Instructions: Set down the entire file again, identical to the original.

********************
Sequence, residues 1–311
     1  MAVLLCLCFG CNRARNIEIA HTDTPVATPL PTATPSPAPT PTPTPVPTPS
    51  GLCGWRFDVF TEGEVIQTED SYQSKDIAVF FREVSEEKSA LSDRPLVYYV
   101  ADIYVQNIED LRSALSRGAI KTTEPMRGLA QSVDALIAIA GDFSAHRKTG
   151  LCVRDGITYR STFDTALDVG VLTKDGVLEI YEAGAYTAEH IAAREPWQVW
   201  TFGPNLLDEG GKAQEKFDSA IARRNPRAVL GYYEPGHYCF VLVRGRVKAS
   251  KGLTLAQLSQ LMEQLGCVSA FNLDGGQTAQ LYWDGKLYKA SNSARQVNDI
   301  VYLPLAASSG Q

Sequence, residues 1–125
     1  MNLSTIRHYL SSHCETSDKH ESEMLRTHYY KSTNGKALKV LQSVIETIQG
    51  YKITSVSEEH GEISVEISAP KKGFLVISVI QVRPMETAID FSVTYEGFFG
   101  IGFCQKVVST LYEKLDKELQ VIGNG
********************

Sequence, residues 1–311
     1  MAVLLCLCFG CNRARNIEIA HTDTPVATPL PTATPSPAPT PTPTPVPTPS
    51  GLCGWRFDVF TEGEVIQTED SYQSKDIAVF FREVSEEKSA LSDRPLVYYV
   101  ADIYVQNIED LRSALSRGAI KTTEPMRGLA QSVDALIAIA GDFSAHRKTG
   151  LCVRDGITYR STFDTALDVG VLTKDGVLEI YEAGAYTAEH IAAREPWQVW
   201  TFGPNLLDEG GKAQEKFDSA IARRNPRAVL GYYEPGHYCF VLVRGRVKAS
   251  KGLTLAQLSQ LMEQLGCVSA FNLDGGQTAQ LYWDGKLYKA SNSARQVNDI
   301  VYLPLAASSG Q

Sequence, residues 1–125
     1  MNLSTIRHYL SSHCETSDKH ESEMLRTHYY KSTNGKALKV LQSVIETIQG
    51  YKITSVSEEH GEISVEISAP KKGFLVISVI QVRPMETAID FSVTYEGFFG
   101  IGFCQKVVST LYEKLDKELQ VIGNG